Australian Security and Investments Commission chairman Greg Medcraft wants the Turnbull government to give him a tougher penalty regime so it will “actually hurt” anyone the corporate regulator catches.
Speaking on ABC TV’s Lateline last night, the ASIC boss suggested a lack of deterrents under the current law meant companies and their staff were willing to risk breaking the law because of the lack of consequences.
“Unfortunately, people are deterred by the prospect of how serious the penalty is going to be. That is critical,” he told Lateline’s Emma Alberici.
Asked if he had the capacity and the resources to weed out bad behaviour at banks, Medcraft said “we do the best with the resources we have”, acknowledging that Turnbull government promises for additional resources would only restore cuts made in the 2014 Budget.
When it came to the Commonwealth Bank both in financial planning and CommInsure scandals, he said “it was very clear that we were not aware of the extent of what was going wrong there [financial planning]”, and CommInsure “really did come from left field” for both the bank and the regulator.
Medcraft said he believed the CBA was “genuine about making change” at CommInsure.
In response to revelations a fortnight ago before a parliamentary inquiry by CBA CEO Ian Narev that no one had been sacked in the wake of the CommInsure scandal, Medcraft said individual accountability had to be strengthened inside banks.
“I think one of the issues… we have seen on Wall Street is that they recognise this problem and they have started to fire people,” he told Lateline.
Medcraft added that a similar response had emerged in the UK.
“I think this is something I think our banks are going to have to learn from,” he said. “We have got to see more individual accountability, that’s for sure.”
And while ASIC banned 29 financial planners last year, no one has been has yet been prosecuted, despite tens of thousands of people being financially damaged, with some losing their life savings.
One former CBA financial planner, Ricky Gillespie, was charged by ASIC in May with allegedly forging customers’ signatures on 31 documents between January 2007 and June 2009. The charges came two years after the corporate watchdog banned him over the allegations.
Medcraft said we wrote a white paper highlighting the issue of penalties four years ago and government has pledged to review them.
“One of the issues we need to deal with is actually looking at the penalties in our system,” he said.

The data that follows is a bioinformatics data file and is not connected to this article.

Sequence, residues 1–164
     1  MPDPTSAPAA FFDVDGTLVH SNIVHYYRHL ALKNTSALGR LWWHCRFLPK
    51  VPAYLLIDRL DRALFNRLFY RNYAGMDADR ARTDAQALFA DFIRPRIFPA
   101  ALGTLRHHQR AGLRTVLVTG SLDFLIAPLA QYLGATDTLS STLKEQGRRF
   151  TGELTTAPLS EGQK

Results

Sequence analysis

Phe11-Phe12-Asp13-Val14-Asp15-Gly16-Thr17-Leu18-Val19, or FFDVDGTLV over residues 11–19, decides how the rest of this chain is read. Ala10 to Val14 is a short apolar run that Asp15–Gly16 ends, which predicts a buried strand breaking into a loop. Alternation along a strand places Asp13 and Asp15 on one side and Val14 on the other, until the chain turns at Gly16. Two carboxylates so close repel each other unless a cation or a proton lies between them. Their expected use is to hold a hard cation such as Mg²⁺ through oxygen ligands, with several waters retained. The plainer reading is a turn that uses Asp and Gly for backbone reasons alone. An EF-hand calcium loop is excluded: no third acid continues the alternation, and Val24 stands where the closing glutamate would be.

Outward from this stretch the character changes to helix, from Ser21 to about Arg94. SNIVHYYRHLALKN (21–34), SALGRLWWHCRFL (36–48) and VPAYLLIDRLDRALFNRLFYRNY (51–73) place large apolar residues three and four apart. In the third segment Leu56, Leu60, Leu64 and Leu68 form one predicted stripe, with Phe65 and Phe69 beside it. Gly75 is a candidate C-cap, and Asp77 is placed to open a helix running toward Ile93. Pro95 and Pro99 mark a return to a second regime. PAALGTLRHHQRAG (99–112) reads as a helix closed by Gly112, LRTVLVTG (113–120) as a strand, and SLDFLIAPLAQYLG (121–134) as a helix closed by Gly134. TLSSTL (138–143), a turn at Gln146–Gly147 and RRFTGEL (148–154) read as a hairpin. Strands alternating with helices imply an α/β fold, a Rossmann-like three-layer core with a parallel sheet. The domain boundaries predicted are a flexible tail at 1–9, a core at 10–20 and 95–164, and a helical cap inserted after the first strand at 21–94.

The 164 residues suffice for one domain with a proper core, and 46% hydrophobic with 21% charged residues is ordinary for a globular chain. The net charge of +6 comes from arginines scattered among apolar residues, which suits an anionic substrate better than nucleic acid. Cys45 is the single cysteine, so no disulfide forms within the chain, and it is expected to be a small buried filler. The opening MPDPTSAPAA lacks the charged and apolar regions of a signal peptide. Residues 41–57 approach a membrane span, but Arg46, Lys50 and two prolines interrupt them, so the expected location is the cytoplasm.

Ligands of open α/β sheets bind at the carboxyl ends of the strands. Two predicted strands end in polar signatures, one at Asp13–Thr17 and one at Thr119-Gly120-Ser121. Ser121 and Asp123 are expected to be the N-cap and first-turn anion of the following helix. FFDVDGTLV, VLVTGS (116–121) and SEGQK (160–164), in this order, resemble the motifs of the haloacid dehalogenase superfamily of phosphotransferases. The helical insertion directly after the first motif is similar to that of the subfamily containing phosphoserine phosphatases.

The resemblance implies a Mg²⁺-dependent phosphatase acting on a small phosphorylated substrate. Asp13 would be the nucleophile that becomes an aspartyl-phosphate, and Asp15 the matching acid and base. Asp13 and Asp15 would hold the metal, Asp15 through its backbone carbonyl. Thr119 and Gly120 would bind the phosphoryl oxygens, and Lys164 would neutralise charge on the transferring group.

“As well as the funding for more surveillance and then having penalties that actually work that put the fear of God into people because that is how you actually have a law enforcement regime that works.”
Last week ASIC published the findings of an investigation into the life insurance industry, which included an unnamed company that denied one-third of total and permanent disability (TPD) claims.
Medcraft said there was clearly a problem in TPD and trauma insurance. That included “an error of the remuneration arrangements”, which sees bonuses paid for both insurance policy sign ups and claims denied.
He wants to see the law changed to deal with such conflicts of interest deal via “an obligation to act honestly and fairly”.
“We have come out with recommendations already in saying that we believe that they need to look at perhaps the penalties for insurance. For example, at the moment, insurance companies that actually have not acted in utmost good faith, there is no monetary penalty for actually breaching that duty at the moment, for example,” he said.
“I mean the problem at the moment, often the penalties are not indexed to inflation, they may be a fraction of the benefit gained.
“So doing something about penalties is absolutely critical. So what we want is actually the resources, in particular say penalties, to actually have law enforcement that really hurts and makes a difference that actually underpins that confidence that every Australian expects and deserves.”
The full Medcraft interview on Lateline is here.
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